Microsoft is famous for spending vast amounts of money on research and development (R&D), and journalists tend to conclude that it gets little or nothing in return. I usually take the view that if Microsoft can't be bothered to correct them, it's their problem not mine….
However, in a weak moment, I tweeted that the correct answer to "What does Microsoft get from its $9bn spending on R&D?" is: Windows, Windows Server, Microsoft Office (Word, Excel, PowerPoint, Access, Outlook, OneNote etc), Azure, SharePoint, Exchange, SQL Server, Lync, Microsoft Dynamics, Visual Studio, Expression, Xbox, Kinect, Windows Live, Xbox Live, MSN, Bing, Zune, WP7, Silverlight, Surface, Mediaroom, Windows Embedded, Windows Automotive, and a whole bunch of other things. (OK, I've extended the original beyond the 140-character limit.)
As you may know if you follow me on Twitter, I was trying (but failing) to prod the BBC's technology correspondent Rory Cellan-Jones into clarifying the introduction to his post from (I assume) Microsoft's annual TechFest in Seattle: Inside Microsoft: Innovation still on the menu. This begins:
"If you spent $9bn a year on research and development and employed 900 of the world's top computer scientists to come up with new ideas, what would you expect in return? More than a new way of playing video games, a cynic might say."
"I know, I know - I said R&D not just R," protested Rory, which is true. But how many non-techie BBC readers would know enough to say how much was R and how much D? It matters because the difference is significant.
As it happens, Microsoft's Steve Clayton posted something yesterday on the Official Microsoft Blog (which he assures me wasn't a response to my tweets): Small r, Big D: Microsoft Research TechFest Demonstrates the Future. Steve doesn't actually provide the figures I requested more than five years ago -- how much is R and how much is D -- but we can work out some ball-park numbers. He says:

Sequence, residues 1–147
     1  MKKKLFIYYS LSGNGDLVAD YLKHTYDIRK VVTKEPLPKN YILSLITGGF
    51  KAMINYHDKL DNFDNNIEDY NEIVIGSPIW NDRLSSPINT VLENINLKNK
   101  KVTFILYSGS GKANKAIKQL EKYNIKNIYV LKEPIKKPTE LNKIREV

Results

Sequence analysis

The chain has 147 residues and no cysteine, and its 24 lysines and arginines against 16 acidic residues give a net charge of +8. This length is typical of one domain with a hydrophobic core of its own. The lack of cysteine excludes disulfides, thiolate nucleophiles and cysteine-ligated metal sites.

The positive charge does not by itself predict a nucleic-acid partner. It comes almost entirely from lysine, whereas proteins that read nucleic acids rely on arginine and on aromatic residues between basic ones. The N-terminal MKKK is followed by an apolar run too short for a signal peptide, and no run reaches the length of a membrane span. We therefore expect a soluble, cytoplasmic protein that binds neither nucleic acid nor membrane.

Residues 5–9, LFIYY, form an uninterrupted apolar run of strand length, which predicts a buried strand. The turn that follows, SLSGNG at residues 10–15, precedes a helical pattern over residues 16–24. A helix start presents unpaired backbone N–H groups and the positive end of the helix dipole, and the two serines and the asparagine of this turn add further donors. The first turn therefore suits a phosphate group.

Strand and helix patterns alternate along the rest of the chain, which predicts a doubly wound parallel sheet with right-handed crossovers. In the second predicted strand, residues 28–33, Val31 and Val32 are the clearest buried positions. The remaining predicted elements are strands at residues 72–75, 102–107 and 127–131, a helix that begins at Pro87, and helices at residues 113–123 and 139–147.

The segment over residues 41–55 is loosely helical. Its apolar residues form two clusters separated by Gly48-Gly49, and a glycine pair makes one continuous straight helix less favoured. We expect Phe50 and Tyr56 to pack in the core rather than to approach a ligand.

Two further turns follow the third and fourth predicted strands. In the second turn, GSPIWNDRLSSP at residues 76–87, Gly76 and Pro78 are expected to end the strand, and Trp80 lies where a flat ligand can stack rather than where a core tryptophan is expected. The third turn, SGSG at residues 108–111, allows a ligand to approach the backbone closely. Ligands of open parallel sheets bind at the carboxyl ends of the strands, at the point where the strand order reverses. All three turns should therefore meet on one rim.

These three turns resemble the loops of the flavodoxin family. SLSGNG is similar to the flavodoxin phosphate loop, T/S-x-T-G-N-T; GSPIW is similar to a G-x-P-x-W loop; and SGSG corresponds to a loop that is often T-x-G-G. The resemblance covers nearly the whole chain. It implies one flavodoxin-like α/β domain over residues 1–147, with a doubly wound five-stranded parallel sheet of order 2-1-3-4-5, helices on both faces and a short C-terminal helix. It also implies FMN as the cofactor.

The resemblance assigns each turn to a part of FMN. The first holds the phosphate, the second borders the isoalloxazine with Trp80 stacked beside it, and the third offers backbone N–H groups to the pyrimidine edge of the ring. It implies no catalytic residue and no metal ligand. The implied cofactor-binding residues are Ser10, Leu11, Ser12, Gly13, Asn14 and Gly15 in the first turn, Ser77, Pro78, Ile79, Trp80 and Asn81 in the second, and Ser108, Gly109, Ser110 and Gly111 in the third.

"With 850 PhD-level researchers in Microsoft Research and around 40,000 developers in our product teams, that should give an indication of how we balance that $9 billion between research and the development of shipping products. I call it small r and big D."
If we assume all R&D staff get the same salary, on average, then each one costs $220,000 per year ($9bn divided by 40,850). That would put the cost of 850 researchers at $187 million a year, which is just 2% of the $9bn total.
In other words, roughly 98% of Microsoft's R&D spending pays for people to program things like Windows, Word, Excel and other products (see above). Only 2% is spent on research. This is not actually a high figure.
Whether Microsoft's researchers should produce more clever stuff is a different issue, but it's not what they are there for. Microsoft Research was set up by Rick Rashid, a professor of computer science from Carnegie Mellon University, and it's run more like a university research department. Staff are rated according to how many papers they publish.
I am familiar with this aspect. An ingenious and innovative British researcher -- a pioneer of PC sound cards, inventor of a SmartQuill pen that captured handwriting in 1997, of the wearable SenseCam, and with an important patent used in the iPhone -- was let go because she kept inventing things instead of writing papers. (See my interview with Lyndsay Williams, Ex-Microsoft star whose paper trail was too short, in The Guardian in 2007.)
It's perfectly reasonable to criticise Microsoft for its less-than-agile software development processes and very odd management systems: I think it could do more good work with fewer people. Feel free to criticise Microsoft Research for not creating more innovative products, though by its own founding criterion (peer-reviewed research papers published per year) it’s stunningly successful.
My simple point is that believing $9bn worth of Microsoft R&D spending only results in things like Surface and Kinect is completely and utterly wrong. It doesn't. It results in products that brought in $62bn last year.